The heated battle over who will run one of the most treasured venues in Los Angeles – the Greek Theatre – continued Thursday when a city commission failed to choose a bidder to operate the Griffith Park attraction.
The debate over the Greek has stirred protests by neighbors worried that a change of management could mean more noise and other nuisances. The theater is in a sensitive location, close to the park entrance and reached by roads that wind past homes in an affluent stretch of Los Feliz.
For decades, the theater has been run by the Nederlander Organization, which partnered with entertainment giant AEG in its latest bid to keep operating the venue. Parks officials have recommended the contract go to Live Nation, which recently staged the Made in America festival downtown.
After a lengthy and emotional hearing Thursday at Friendship Auditorium near Griffith Park, recreation and parks commissioners were unable to muster the three votes needed to begin negotiating a contract with Live Nation. The decision was postponed for two weeks.
The two companies were evaluated on a long list of measures. Live Nation says it will guarantee $60 million in revenue to the city over two decades. That compares to $77 million guaranteed by Nederlander and AEG, according to a city report on the proposals.
But Live Nation pledged to spend more to renovate the theater over two decades, a panel of evaluators noted -- $40 million compared with roughly $19 million from Nederlander-AEG. That helped win Live Nation a higher ranking by the panel, which unanimously recommended its selection.
Nederlander-AEG argued that choosing Live Nation would cost the city more than $17 million in guaranteed money. The panel’s recommendation was based on “flawed and unsupported analysis” that failed to properly account for its promised spending on theater maintenance, upgrades and community outreach, Nederlander-AEG said.
In recent weeks, Nederlander-AEG has mobilized community members to support its proposal. A website championing Nederlander as the operator says it is a “family-owned company” battling “a publicly traded Wall Street conglomerate.” More than 20,000 people have signed an online petition backing its bid.
Longtime Los Feliz residents have spoken up publicly for the company, some voicing fears that Live Nation would book more raucous shows or bring increased violence to the area.
“Now’s the time to stay with the guys we already know and trust,” Los Feliz resident Shannon Nicholson said Thursday. She added that there was no reason to change operators. “It’s not broken. It’s fantastic.”
Live Nation representatives said such fears are unfounded. They pointed to letters and testimony praising the company’s ties to communities near other venues that the firm operates in California and elsewhere. Throngs of Live Nation employees and others backing its bid showed up Thursday in red shirts, a vivid contrast with the green worn by the Nederlander and AEG employees and supporters across the aisle.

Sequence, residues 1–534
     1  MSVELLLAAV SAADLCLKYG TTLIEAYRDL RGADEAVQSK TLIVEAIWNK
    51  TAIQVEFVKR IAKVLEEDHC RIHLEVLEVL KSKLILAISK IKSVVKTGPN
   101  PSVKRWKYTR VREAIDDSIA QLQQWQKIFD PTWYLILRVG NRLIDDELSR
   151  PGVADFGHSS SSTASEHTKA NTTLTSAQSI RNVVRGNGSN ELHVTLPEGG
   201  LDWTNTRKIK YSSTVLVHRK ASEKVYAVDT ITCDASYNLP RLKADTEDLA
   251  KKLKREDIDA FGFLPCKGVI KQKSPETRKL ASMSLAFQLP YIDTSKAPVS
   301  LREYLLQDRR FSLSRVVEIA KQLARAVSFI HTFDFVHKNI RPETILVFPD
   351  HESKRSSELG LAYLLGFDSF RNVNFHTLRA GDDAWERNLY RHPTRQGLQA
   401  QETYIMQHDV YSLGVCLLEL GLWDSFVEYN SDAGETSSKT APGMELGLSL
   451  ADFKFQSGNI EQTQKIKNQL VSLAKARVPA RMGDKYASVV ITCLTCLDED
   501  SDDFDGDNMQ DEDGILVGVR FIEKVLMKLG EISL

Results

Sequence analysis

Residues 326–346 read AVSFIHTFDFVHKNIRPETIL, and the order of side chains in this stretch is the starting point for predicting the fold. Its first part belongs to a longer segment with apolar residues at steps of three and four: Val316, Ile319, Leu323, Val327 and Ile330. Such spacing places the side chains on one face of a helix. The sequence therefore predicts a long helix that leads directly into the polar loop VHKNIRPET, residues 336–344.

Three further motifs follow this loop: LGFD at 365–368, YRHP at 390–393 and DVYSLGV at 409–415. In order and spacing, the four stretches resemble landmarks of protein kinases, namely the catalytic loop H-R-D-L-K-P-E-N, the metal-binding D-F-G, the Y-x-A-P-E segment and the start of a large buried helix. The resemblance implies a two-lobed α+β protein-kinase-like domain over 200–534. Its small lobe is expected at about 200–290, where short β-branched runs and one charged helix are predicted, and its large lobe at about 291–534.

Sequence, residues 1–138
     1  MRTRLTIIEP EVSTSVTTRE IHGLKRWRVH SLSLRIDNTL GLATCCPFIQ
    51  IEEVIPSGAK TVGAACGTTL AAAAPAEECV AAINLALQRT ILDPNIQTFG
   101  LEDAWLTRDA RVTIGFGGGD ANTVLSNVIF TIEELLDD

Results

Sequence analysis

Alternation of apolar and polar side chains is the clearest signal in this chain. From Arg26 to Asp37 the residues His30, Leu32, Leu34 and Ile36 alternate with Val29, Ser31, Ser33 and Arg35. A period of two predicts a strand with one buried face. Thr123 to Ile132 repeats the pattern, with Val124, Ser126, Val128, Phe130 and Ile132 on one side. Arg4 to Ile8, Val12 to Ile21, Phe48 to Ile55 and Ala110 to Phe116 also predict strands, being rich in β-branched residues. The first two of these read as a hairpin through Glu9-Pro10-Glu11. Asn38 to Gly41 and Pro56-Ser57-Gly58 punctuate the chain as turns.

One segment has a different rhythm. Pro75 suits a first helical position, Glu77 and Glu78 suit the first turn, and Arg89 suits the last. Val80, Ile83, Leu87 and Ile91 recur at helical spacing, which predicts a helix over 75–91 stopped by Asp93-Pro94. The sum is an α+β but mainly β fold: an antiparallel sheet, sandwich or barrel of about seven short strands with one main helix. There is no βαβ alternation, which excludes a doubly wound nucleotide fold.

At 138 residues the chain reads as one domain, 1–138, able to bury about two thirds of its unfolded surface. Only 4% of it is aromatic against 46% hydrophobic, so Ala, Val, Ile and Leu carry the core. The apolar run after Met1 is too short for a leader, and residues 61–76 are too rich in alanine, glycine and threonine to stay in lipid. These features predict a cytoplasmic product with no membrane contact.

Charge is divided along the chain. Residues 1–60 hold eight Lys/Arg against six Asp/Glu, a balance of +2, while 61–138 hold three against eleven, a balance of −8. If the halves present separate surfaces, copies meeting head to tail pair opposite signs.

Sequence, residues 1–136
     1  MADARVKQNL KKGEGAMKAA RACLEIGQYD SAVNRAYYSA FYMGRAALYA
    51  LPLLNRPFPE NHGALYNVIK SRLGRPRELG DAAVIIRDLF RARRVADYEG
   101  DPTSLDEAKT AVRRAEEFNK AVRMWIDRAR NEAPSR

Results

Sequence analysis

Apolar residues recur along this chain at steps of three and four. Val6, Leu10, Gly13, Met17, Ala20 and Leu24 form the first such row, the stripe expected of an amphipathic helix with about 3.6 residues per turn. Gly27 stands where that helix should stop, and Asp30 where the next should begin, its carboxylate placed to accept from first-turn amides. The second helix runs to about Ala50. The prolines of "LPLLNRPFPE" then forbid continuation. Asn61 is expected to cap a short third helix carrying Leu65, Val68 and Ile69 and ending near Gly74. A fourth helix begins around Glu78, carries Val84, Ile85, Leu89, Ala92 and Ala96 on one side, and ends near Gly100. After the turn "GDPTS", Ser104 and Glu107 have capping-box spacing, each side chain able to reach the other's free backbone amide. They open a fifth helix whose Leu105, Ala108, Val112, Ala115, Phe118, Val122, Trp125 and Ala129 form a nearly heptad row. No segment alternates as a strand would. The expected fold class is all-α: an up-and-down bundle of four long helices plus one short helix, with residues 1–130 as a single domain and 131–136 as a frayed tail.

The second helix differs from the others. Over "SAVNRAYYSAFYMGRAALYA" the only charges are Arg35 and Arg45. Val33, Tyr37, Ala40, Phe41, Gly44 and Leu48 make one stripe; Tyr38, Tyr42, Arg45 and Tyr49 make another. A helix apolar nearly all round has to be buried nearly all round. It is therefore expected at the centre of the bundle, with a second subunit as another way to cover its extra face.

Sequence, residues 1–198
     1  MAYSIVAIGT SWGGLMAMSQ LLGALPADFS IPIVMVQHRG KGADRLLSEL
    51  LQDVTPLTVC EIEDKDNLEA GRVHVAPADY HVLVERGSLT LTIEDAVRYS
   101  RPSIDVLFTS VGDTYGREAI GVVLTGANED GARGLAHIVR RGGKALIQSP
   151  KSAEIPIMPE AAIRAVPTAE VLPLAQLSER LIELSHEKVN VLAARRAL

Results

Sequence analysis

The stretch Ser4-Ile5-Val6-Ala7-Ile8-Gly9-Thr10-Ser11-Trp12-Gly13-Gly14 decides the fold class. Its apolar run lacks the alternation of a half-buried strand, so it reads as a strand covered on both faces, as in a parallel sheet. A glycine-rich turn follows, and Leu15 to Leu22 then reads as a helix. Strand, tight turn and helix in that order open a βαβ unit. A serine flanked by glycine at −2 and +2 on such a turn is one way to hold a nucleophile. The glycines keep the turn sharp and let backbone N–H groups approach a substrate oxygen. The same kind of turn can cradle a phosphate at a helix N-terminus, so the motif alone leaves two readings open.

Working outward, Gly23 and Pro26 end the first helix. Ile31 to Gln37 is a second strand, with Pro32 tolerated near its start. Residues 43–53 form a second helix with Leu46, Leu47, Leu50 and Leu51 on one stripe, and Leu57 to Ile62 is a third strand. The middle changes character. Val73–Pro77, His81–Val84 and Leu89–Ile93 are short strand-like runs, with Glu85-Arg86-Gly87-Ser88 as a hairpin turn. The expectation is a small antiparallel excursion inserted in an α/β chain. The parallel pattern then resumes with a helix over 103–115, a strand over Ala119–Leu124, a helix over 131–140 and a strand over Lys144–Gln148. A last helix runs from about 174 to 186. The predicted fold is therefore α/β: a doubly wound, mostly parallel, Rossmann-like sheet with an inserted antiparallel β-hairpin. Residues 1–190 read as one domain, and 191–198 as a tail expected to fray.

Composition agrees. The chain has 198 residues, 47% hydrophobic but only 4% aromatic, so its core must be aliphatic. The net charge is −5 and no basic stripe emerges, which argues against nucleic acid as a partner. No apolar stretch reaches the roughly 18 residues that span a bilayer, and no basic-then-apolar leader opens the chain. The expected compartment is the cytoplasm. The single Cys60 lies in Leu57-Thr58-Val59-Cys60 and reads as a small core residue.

In a letter to parks commissioners, a Live Nation attorney said Nederlander-AEG was “mounting a campaign of misinformation” by glossing over how much more Live Nation would spend on repairs and upgrades at the historic theater.
Live Nation attorney Victor De la Cruz wrote that Nederlander-AEG is proposing only “minor repairs” to the theater’s terrace seating. The company plans to replace the terrace stands because its structural engineer found that they might not withstand an earthquake, De la Cruz said.
“Band-Aids will no longer fix this venue and make it look exceptional again,” said Matt Prieshoff, a Live Nation executive.
After more than four hours, Recreation and Parks Commission President Sylvia Patsaouras tried to move ahead with the process of negotiating a contract with Live Nation. Commissioner Lynn Alvarez voted in favor of the motion, but member Iris Zuniga opposed it. With one commissioner absent and the fifth seat vacant, the panel lacked the three votes needed to proceed.
The last time companies competed for the Greek Theatre contract more than a decade ago, the decision paralyzed the parks commission. At that time, city staffers recommended giving the contract to the House of Blues, rather than Nederlander.
After a bitter battle, the commission rejected both bids and restarted the process. Nederlander continued to operate the Greek after the firm reached a deal with House of Blues to cooperate on marketing for the Greek and another venue.
Parks officials warned that action will be needed to ensure theater renovations can get started and the operator has enough time to book acts for 2016. The new agreement will span a decade, with the opportunity to twice extend the agreement for another five years.
The final deal will have to be approved by the parks commission, the City Council and the mayor.
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